After booting my Windows machine with Netrunner Rolling 2018.01 everything appears to work properly, but my system clock has been advanced by four hours. I am unable to change the clock back within the program because I do not know the admin password.
When I return to Windows my clock is still four hours ahead.
Normally this would not be a problem, as I can simply correct the time within Windows, but there is a Windows program I use almost daily that sees me move the clock back and thinks that I am doing this to extend the registration.
Is there any way I can either not have the clock advanced or find access to the admin password? I know pretty much nothing about Linux and am hoping to learn, so any solution would need to be understood by someone with a close to zero level of knowledge.
That would be because your also running windows which sets the system clock (efi/bios) to local time instead of UTC time.
This is a common problem when running Linux and Windows on the same system. To fix this problem use the Manjaro settings managers “Time and Date” control and check the “Hardware clock in local time zone” setting.
Next time Windows changes the hardware system clock again, Linux will read it properly, and not change it from there on out.
The other option would be to have Windows to use UTC time, but since I haven’t run windows since the 1990’s, I can’t help with that one.
When you installed Netrunner Rolling, the installer automatically set the root (admin) password to the same password you entered for your user account. That is unless you clicked the radio box to set a different password for root during installation, but then you probably wouldn’t be asking.
Actually, I have not installed Netrunner, I am running it from DVD.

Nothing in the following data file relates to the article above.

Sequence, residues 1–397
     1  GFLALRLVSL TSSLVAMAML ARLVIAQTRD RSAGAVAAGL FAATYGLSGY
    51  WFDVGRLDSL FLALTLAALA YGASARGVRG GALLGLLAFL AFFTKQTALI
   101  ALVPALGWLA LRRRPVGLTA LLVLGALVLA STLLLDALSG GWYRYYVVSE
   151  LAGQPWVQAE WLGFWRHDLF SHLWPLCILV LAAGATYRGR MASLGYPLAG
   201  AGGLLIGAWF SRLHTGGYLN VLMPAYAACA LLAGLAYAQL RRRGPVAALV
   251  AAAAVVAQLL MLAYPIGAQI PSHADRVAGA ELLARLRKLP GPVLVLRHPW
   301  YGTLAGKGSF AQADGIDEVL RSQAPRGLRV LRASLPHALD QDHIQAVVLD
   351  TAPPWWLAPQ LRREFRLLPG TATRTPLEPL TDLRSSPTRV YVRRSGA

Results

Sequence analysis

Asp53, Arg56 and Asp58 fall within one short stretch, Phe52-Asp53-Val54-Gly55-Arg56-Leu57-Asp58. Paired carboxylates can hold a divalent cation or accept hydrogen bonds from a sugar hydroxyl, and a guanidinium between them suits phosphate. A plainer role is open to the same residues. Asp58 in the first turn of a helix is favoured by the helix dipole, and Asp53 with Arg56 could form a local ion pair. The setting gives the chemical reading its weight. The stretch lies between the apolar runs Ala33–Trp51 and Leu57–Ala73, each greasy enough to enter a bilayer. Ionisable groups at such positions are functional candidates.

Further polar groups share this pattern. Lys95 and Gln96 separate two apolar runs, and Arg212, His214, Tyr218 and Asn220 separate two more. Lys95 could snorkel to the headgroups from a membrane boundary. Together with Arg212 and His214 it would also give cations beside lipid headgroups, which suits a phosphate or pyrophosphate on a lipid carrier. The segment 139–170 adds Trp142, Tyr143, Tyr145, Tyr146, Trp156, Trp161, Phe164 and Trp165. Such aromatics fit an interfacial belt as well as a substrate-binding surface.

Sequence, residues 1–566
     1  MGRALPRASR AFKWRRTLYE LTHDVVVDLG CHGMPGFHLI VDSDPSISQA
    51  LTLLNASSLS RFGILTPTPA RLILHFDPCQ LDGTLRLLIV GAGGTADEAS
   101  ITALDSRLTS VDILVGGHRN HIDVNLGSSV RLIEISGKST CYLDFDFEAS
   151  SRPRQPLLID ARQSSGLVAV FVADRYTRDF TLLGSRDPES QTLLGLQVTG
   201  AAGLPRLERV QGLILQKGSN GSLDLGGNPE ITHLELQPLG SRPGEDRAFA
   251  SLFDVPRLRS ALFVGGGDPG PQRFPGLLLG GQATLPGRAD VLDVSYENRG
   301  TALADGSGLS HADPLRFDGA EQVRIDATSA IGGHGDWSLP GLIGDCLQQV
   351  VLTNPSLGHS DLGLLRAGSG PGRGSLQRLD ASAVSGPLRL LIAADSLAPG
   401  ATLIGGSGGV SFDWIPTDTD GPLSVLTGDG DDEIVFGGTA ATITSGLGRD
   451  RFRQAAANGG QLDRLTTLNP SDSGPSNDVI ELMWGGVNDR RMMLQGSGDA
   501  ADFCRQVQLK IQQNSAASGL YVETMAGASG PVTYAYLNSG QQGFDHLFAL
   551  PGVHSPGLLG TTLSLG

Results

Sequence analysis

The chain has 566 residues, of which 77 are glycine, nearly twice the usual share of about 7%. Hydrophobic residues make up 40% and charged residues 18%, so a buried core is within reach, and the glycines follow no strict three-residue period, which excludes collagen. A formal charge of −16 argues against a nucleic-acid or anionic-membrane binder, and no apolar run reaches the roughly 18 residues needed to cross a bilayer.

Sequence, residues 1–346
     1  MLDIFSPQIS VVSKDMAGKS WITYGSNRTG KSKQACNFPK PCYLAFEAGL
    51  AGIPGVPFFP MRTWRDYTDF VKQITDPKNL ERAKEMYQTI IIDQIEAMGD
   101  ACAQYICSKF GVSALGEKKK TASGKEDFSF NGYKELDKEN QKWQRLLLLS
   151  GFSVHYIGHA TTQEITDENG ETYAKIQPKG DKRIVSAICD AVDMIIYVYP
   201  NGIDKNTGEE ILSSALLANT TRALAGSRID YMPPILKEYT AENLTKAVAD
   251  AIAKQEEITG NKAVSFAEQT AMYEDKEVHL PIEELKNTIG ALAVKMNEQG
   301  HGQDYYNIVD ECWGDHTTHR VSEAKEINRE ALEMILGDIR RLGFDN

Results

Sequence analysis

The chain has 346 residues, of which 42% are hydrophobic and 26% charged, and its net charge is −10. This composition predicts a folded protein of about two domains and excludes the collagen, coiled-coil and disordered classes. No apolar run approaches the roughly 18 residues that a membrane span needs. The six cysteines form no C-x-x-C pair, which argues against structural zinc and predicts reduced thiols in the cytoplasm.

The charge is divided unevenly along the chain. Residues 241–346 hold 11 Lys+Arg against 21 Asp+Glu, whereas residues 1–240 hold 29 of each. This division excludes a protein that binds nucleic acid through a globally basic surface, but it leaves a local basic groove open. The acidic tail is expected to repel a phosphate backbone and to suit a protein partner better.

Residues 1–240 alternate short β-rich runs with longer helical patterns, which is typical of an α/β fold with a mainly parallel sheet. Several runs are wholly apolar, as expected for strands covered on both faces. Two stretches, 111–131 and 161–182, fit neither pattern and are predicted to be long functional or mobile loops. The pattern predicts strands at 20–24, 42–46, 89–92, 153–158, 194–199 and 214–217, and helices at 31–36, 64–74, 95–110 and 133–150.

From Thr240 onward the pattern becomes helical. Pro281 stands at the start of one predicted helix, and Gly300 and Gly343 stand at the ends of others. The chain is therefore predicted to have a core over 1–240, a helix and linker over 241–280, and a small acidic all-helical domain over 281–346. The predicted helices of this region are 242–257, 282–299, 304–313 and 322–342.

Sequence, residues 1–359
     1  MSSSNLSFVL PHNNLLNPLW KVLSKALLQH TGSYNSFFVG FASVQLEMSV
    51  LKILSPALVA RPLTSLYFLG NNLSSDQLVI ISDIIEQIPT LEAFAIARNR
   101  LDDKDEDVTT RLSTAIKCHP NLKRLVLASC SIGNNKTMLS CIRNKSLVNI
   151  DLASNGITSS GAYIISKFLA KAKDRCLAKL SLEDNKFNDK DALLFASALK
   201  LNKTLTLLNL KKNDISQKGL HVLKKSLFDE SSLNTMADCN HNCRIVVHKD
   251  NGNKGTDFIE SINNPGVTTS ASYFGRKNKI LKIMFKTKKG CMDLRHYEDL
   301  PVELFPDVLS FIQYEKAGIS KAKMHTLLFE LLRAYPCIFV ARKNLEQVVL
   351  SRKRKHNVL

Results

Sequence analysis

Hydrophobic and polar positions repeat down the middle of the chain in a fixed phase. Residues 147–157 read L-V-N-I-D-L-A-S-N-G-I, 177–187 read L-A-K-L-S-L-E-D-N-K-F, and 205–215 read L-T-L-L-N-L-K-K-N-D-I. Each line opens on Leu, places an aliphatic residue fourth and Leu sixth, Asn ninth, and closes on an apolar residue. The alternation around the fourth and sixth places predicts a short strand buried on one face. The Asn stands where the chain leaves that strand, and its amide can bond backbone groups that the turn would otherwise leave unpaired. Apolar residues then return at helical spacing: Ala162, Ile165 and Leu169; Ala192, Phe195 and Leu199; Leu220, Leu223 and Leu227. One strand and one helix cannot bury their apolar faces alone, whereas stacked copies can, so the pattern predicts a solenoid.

Where would I go to find Manjaro settings managers?
Sorry, in Netrunner Rolling (Plasma 5), it has been integrated right into system settings.
Go to System Settings > System Administration > Time and Date
I was able to find that area and change the time. However, when I went to apply the time I got the message “Network time synchronization shall be enabled” and it asked me for the administrator password. I do not know the password so I was unable to actually make the change.
On the live media it is netrunner. However, you don’t need to set the “Set time and date automatically” selection. You only need the “Hardware clock in local time zone” selection on. The prior activates pulling the time and date from an online server (pool.ntp.org, etc.), according to the timezone you have selected during boot, this setting is useless in a live media type environment.
Note: The default user name and password, as well as the root users password, is displayed in all empty tty’s on the live media.
CTRL+ALT+F2 - F6
When I try to change to the hardware clock it tells me “the RTC stores the local or UTC time” and then requires a password. When I did Alt-Ctrl-F2 it took me to a command line and wanted me to log in. I don’t know what an empty tty is.
TTY is the terminal shell, Linux is a muti-user OS, it has 6 TTY’s that are command line shells out of the box. The GUI (xorg) and the desktop environment (Plasma 5) are currently occupying TTY1 (F1) this leaves F2 through F6 available for use.
I also gave you the password already.
On the live image the password is netrunner.